If a patient receives cetuximab, which in certain ways has fewer adverse events, we may be compromising our ability to eradicate micrometastatic disease and sterilize any cancer that has gotten into the bloodstream, putting these patients at a higher risk of having incurable disease. The reason that's important is because the next step would be to test this in a prospective trial to test radiation with cisplatin compared to radiation with cetuximab.

The good news is this trial has been done; it’s called the RTOG-1016 trial, which accrued 1000 patients in record time. We are awaiting the results which will determine whether our findings bear out in a larger, randomized fashion whether cetuximab is associated with a higher risk of cancer coming back elsewhere in the body. It’s still going to be a couple years to get that result.

What are some other challenges that are facing this space that you would like to see answered in the next 5 to 10 years?

While we’re waiting for those results, there are many doctors that use the cetuximab-based chemotherapy instead of regular cisplatin-based chemotherapy since there are fewer adverse events, it’s better tolerated by patients, and these virus patients have great cure rates. The whole purpose of our publishing this paper is as a cautionary note to providers, saying until we have high-level evidence that suggests that they are equivalent, we have concerns that cetuximab is not treating cancer elsewhere in the body. We want doctors to consider other more standard chemotherapy regimens rather than cetuximab, because we are concerned about the risk of it coming back elsewhere in the body. Between big tumors and heavy smokers, the real challenge is that HPV-positive oropharyngeal cancer is not 1 disease. There are different groups of patients within this disease. The next generation of trials would like to sort out who are the favorable patients that are going to have a 95% to 98% cure rate and don’t need to be treated as heavily.

Are there any other ongoing trials in this space that you are particularly excited to see the results of?

The next question is who are that 10% or 20% of patients who aren’t going to do as well and who need to intensify therapy. One of the exciting areas of research is induction chemotherapy, which is doing more intensive, whole-body chemotherapy to reduce the risk of it spreading elsewhere, as well as immunotherapy, which is a whole new class of medicines which has been approved in head and neck cancer and combining those regimens to chemoradiation. That's being tested in several trials, the most notable being the RTOG-3504 trial. HPV-positive cancers have become the best biomarker available in head and neck cancer. It is because of that we are now looking at virus associated cancer differently than non-associated virus cancer.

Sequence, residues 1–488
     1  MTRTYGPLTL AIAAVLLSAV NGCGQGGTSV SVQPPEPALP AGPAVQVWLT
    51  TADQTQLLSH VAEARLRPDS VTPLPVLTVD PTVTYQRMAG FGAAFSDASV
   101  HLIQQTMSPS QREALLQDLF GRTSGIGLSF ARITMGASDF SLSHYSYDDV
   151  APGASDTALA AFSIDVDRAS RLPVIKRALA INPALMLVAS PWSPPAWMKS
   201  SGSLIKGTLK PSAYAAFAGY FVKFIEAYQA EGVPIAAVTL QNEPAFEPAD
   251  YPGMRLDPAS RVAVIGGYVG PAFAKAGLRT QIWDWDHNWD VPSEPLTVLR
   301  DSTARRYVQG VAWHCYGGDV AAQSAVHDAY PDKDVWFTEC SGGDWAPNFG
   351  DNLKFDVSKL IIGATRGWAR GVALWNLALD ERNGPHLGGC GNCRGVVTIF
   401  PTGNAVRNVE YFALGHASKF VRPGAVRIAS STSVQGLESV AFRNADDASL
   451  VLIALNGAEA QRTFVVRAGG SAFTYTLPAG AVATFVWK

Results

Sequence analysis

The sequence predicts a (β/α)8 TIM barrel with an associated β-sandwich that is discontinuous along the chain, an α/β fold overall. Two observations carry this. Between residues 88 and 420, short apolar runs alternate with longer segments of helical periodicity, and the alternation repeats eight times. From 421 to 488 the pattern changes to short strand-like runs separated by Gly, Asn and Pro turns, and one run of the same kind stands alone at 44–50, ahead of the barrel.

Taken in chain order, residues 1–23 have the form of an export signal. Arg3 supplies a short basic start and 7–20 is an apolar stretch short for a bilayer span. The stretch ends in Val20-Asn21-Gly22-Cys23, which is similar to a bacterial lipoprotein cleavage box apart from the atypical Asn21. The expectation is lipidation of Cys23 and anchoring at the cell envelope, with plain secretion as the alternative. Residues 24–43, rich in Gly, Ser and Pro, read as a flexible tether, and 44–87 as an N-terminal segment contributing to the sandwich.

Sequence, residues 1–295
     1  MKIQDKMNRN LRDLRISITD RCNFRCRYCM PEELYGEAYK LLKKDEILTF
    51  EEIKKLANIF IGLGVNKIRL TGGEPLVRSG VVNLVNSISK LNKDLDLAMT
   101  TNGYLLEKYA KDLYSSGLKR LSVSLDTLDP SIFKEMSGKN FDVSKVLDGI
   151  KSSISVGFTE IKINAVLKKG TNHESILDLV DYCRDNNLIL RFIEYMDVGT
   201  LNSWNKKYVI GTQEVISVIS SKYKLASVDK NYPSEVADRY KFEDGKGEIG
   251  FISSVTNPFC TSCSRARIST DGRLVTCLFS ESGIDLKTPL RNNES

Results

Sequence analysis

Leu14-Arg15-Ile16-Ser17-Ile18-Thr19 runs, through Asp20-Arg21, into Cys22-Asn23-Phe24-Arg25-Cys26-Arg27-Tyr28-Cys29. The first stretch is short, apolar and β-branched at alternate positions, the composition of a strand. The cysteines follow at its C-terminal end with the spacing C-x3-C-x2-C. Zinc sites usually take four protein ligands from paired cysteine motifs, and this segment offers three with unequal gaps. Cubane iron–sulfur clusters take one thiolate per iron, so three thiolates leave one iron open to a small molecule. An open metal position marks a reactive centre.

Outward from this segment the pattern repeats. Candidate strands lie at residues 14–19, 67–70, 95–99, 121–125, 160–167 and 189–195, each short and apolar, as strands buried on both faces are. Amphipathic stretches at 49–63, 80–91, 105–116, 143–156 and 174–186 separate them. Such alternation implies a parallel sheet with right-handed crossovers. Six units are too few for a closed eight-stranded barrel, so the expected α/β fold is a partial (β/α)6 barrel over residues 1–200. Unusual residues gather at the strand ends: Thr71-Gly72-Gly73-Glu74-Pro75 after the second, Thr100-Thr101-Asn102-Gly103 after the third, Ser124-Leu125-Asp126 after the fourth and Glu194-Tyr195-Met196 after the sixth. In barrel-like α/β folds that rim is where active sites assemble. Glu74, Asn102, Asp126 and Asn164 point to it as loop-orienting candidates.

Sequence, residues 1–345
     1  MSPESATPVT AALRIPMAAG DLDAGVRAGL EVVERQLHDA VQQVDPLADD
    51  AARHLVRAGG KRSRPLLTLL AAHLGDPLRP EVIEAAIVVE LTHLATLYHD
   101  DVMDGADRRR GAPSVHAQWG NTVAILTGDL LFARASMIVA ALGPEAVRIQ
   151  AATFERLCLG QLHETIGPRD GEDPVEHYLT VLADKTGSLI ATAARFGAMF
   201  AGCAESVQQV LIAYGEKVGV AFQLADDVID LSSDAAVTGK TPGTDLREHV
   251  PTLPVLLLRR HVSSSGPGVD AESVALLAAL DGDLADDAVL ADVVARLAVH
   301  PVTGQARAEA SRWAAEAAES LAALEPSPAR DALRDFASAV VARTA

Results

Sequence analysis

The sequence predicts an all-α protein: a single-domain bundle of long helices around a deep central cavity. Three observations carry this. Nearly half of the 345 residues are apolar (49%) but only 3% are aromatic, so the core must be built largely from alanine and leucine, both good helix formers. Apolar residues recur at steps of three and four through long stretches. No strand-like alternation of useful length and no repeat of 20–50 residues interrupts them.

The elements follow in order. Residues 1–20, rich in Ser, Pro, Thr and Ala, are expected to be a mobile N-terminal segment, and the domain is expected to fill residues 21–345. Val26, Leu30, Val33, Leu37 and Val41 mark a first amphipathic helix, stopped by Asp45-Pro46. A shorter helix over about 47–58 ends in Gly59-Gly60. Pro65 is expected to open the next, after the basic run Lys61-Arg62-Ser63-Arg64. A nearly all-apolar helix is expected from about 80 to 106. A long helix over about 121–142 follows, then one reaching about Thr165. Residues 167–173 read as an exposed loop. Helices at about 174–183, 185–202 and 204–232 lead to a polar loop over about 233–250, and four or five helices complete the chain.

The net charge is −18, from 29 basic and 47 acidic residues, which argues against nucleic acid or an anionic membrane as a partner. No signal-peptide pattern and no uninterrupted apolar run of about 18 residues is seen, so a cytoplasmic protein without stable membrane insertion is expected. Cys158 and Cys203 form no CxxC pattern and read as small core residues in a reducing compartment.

In these favorable HPV-positive settings, we just completed a trial with lower radiation doses and lower chemotherapy with some patients receiving no chemotherapy. The next step is to reduce the intensity of treatment further. These are young, healthy people trying to reduce adverse events and the burden of treatment, which is a very high priority for these people with high cure rates.

What are the main takeaways you would like community oncologists to take from this study?

The addition of immunotherapy might improve outcomes in the patients who don’t do as well.The main takeaways are even though patients with HPV-positive cancers have very high cure rates, there is a group of patients that don’t do well and are more likely to fail distantly elsewhere in the body as opposed to the head and neck. Therefore, avoiding systemic therapy should be done with great care in these patients, specifically traditional chemotherapies. We much prefer traditional chemotherapies as opposed to cetuximab. Cetuximab should be avoided in higher-risk patients until the trials have been reported.

Weller, M. A., Ward, M. C., Berriochoa, C., et al. Predictors of distant metastasis in human papillomavirus—associated oropharyngeal cancer [published online February 11, 2017]. Head Neck. doi: 10.1002/hed.24711